In a previous post, we talked about the four types of network analysis the employee benefits industry developed to measure and compare provider networks. Each type of analysis is valuable at different points in the selling process:
- Early stages to convince groups and brokers to consider a network
- Network counting: measure the quantity of providers in each network
- Accessibility analysis: correlate network provider locations to employee home and work location
- Later stages to demonstrate savings and convenience for members
- Disruption reporting: match historical provider utilization and claims experience for a group to the providers in a different network
- Repricing: compare cost of claims for all providers (in- and out-of-network) if a different network were in place to the cost experienced in the current network
- Counts. Access points, unique providers, or unique locations? Choosing the right counting method can make all the difference in how your network is perceived. If you have fewer access points and fewer locations/provider you might find that a unique provider count presents a better picture of your network than access points.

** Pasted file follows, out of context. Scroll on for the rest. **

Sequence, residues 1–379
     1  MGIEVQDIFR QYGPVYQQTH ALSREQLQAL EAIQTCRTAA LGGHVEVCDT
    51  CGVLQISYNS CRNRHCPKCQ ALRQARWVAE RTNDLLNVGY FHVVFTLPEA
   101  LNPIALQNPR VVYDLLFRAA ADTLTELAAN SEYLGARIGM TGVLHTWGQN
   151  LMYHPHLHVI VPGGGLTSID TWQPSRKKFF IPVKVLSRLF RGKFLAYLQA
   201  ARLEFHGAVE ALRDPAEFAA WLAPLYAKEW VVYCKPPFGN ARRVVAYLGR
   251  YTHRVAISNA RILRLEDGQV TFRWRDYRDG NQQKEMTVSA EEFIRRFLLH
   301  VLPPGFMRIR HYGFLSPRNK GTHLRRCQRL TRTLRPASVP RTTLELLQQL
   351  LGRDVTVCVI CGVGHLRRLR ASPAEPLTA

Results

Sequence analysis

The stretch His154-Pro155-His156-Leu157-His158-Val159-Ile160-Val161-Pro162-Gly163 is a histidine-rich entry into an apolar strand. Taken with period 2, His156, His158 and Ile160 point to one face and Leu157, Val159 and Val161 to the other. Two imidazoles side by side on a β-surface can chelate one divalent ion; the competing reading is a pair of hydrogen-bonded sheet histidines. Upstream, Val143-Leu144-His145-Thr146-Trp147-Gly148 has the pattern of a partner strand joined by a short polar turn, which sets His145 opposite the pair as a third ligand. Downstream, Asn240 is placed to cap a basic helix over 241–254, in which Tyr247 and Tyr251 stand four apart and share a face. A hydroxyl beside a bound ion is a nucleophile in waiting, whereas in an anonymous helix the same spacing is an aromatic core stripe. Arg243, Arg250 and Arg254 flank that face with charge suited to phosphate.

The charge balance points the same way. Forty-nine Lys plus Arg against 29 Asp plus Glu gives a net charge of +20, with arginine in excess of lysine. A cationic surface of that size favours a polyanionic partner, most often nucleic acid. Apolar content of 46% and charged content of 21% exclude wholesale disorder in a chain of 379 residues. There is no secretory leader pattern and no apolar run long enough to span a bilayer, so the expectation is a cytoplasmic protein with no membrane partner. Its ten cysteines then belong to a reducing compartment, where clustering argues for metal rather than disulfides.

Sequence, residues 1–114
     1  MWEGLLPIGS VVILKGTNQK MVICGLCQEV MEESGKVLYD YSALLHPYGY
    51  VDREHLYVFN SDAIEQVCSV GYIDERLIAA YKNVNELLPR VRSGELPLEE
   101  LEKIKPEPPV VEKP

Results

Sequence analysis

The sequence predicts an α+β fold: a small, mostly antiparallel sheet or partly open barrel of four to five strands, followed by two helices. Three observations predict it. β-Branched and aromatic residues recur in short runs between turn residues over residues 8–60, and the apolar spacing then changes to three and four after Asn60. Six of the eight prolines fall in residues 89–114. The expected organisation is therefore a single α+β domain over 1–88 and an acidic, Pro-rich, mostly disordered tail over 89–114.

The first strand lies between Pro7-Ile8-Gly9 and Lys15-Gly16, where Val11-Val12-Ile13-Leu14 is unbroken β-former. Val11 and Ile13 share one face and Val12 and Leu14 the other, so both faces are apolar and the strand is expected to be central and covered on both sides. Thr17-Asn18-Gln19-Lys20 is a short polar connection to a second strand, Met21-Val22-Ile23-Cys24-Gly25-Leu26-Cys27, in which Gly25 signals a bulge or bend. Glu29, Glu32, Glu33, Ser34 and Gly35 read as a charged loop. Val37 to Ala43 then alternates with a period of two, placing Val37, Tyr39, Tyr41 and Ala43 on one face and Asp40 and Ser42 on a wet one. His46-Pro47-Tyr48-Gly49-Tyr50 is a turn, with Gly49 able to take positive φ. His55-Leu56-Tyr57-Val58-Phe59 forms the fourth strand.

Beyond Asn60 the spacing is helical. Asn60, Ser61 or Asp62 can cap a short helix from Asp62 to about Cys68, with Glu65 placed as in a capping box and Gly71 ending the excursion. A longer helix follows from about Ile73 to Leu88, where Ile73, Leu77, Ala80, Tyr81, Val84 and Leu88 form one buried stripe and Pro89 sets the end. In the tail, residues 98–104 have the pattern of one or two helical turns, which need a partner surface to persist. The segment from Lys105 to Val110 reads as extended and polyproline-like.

- Locations/provider. Use the NetMinder Snapshot to find this metric or compare access points to unique locations to see how your network looks versus your competitors’ networks. A high locations/provider ratio can indicate directory inflation.
- Total change. The sum of adds and drops in a network during a specified time period. Use this metric to showcase a geographic area – deliberately adding and removing providers to improve the network.
- Net change. The difference between adds and drops in a network during a specific time period. Use this metric to show growth or contraction over time.
(Total change and net change are both available in the NetMinder Network Change report.)
In general, the process of comparing provider networks is the same whether you are comparing dental, vision, or medical HMO networks. However, each line of business has a few specific metrics to address unique situations. Here are a few that we use regularly:
- PCPs/total providers. The percentage of a medical network that is primary care providers (usually internal medicine, general practice, family practice, OB/GYN, and pediatrics) is particularly important when evaluating a medical network. A lower percentage can result in longer wait times for members to get appointments. It also could indicate that different types of providers are identified as PCPs which could also cause disruption to members when changing plans.
- ECPs/total providers. The percentage of a vision network that is eye care providers (optometrists and ophthalmologists) is a significant distinction. Consumers gravitate to ECPs for exams and retail chains for glasses and contact lenses so having a selection of both types of providers can increase member satisfaction.
- Practicing providers and locations/all locations. The percentage of a dental PPO network that is practicing can make all the difference because directory inflation is common. NetMinder validates locations using claims data which helps focus recruiting efforts and clarify the network landscape.
When you tell your network story, which metrics do you use to support it?